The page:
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How social listening can improve your marketing - video

We find that clients we talk to are frequently focused almost entirely on their outbound social media activity – content calendars, blogging, tweeting etc.
And yet there is the other side of the equation – listening to what the recipients think, say and do with the content they receive aka social listening.
This video takes you through this key concept.

So, let’s begin with a definition…

1). What is social listening?

It’s about monitoring social media platforms for conversations and insights about your organisation, your members / customers and their issues, and wider sector trends.
It acts as a check and balance on your outbound content marketing strategy.

Whilst its main function is to listen, it also provides opportunities to be proactive – for example, if your organisation is receiving unjust criticism, you can respond to set the record straight.

In fact, if a company is perceived to be aware of criticism, and does not respond, it can add fuel to the fire and further damage the reputation, but indicating that it is aware, but simply does not care.

2). Why should an organisation listen on social channels?

It’s good practice and enables you and your organisation to;-
    •    Hear what your members or customers are saying – flag up opportunities but also issues
    •    Identify key trending topics
    •    Spot potential influencers
    •    From these, refine your content marketing strategy and make it work harder for your organisation

3). How does one listen socially? (60 second video)

Keep it simple

There are many tools for social listening including free ones, so we recommend trying a few out and then settling on a core 1-3 tools. Any more than that and you’ll end up drowning in data. Always best to keep it simple to start with, and you can then scale up as the need and budget is made available.

There are free tools such as which enables you to;-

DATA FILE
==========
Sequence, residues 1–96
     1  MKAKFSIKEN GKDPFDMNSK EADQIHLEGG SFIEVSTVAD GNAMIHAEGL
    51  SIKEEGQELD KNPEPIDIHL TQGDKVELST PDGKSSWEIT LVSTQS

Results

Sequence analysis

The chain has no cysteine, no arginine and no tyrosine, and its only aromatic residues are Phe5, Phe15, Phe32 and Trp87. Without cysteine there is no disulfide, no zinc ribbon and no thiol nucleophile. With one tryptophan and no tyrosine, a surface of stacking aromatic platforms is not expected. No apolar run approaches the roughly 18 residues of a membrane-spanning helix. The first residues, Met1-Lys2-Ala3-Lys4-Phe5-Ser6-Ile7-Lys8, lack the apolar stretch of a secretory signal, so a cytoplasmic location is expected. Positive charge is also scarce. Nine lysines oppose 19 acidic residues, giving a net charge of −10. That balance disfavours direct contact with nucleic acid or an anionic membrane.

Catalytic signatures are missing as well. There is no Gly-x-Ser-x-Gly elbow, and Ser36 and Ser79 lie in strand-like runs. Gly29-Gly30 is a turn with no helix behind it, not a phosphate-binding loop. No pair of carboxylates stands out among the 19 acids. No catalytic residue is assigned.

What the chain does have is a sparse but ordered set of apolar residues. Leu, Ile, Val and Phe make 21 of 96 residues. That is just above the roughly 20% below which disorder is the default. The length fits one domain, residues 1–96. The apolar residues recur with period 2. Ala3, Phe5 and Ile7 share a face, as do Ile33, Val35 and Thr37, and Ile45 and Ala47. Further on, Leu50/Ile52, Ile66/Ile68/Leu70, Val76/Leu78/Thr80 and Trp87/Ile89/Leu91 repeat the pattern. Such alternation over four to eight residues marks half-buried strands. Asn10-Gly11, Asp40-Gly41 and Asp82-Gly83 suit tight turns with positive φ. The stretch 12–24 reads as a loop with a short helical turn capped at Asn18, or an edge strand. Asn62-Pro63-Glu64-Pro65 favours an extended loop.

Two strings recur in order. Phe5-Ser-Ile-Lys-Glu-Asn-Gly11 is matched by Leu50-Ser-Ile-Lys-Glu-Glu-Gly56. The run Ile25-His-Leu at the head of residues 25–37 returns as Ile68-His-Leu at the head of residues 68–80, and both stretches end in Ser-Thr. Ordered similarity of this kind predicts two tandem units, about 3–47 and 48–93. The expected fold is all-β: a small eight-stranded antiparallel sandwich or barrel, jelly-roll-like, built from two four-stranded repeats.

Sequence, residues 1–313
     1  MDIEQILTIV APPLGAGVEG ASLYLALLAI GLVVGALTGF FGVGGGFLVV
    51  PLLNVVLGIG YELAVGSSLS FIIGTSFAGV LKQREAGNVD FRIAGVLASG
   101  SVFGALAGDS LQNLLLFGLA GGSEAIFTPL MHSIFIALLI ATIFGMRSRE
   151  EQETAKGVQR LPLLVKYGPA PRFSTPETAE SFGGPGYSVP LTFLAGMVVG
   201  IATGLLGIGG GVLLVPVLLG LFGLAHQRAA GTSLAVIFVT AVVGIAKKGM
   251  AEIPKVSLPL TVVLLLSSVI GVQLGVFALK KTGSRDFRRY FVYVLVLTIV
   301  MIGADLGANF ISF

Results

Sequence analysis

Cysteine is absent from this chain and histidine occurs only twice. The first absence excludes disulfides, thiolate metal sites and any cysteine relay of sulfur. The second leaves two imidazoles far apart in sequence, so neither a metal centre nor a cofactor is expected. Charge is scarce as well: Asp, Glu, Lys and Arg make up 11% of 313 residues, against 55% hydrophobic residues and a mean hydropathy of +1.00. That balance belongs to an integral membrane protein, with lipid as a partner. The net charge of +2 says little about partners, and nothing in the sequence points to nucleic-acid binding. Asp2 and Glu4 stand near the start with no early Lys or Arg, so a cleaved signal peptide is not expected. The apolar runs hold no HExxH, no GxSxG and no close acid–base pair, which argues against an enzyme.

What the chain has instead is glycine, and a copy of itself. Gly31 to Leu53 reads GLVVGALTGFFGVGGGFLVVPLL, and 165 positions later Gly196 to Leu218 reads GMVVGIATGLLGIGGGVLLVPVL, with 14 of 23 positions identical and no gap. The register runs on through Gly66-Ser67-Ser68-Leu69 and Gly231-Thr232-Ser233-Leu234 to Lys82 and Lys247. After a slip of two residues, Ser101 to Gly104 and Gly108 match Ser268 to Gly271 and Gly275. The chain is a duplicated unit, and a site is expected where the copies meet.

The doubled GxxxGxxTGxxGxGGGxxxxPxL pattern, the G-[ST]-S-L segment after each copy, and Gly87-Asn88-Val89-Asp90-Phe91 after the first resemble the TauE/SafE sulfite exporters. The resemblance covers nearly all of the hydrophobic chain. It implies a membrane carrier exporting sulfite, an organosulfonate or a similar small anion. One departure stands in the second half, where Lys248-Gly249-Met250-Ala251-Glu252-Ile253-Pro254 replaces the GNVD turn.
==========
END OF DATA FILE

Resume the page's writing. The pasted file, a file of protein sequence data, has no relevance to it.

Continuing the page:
•    Keyword, video or publication search
    •    Filter by date eg last 24 hours up to a year
    •    How many times an item has been shared on social media, which is a great measure of its quality

Also is worth a look at – it does social media search and analysis of what people are saying about your organization – or any topic - and aggregates user generated content from across the universe into a single stream of information.

It looks a bit like Google when you open it, and it’s free.

If you have the budget and the need, you might also want to look at which has a range of tools to enable monitoring, analysis, report building etc – there are some free tools but it’s you can pay for more advance tools.

And what about internally – is their a role for colleagues to play their part? (60 second video)

It’s also important that you and key colleagues are on the same social media platforms that your members / customers are on, so you can be an active contributor too.

A word of caution though – be sensitive – if someone is just airing a grievance, don’t be heavy handed – you want to be seen as a positive contributor, not the thought police!

Make sure you have some kind of system in place to;-

  • Ensure you’re not all on the same platform such as Twitter but missing out on the LinkedIn conversations and;-
  • Share what each team member is seeing and hearing on their platforms, so you can red flag any emerging issues, and on a positive note, trends to bring in to your own Content Marketing Strategy.
  • Have a plan and agreed hierarchy of responders on stand-by to address key issues raised or answer specific questions eg subject experts – don’t simply use the Marketing team to filter responses. Make sure they are of the right seniority level too – whilst it would look good, you don’t want your CEO involved in small customer service issues.

4). What should an organisation do with the insights?

The most obvious action is to recognise what content is popular and what is not, enabling you to fine-tune your marketing activity and constantly make adjustments based on what you’re observing.

It can also help adjust any specific selling messages you’re communicating – what topics or ‘calls to action’ are working, and what’s not.

And for any new product or service you are developing, you can share your thinking as it progresses, and ask for feedback – though beware the Henry Ford example – he said if he asked his customers what they wanted, they would have asked for a faster horse.

But asking may create some interesting feedback and it has the added bonus of demonstrating that you are listening.

But also share with:

With the whole organisation

The days of marketing sitting in splendid isolation and running member / customer contact are over – we are all marketers now – or at least should all play an active role in listening to the insights that social media generates. For example, adding sound bites to a company newsletter, or sharing the highlights in team meetings.

With management

Hopefully social listening will flag up new opportunities for product/service refinements, and, also provide a useful dashboard of threats, issues etc that members / customers are facing.

With members / customers themselves

Largely thanks to social media, the traditional outbound communications like newsletters are fading, and one to one communications pick up steam.

So if you pick up on a trend or an issue, reflect it back and ask your followers eg on Twitter if this is an issue for them too?

5). So, in conclusion?

Keep it simple
Keep it measurable
Act upon it – use it – and share it



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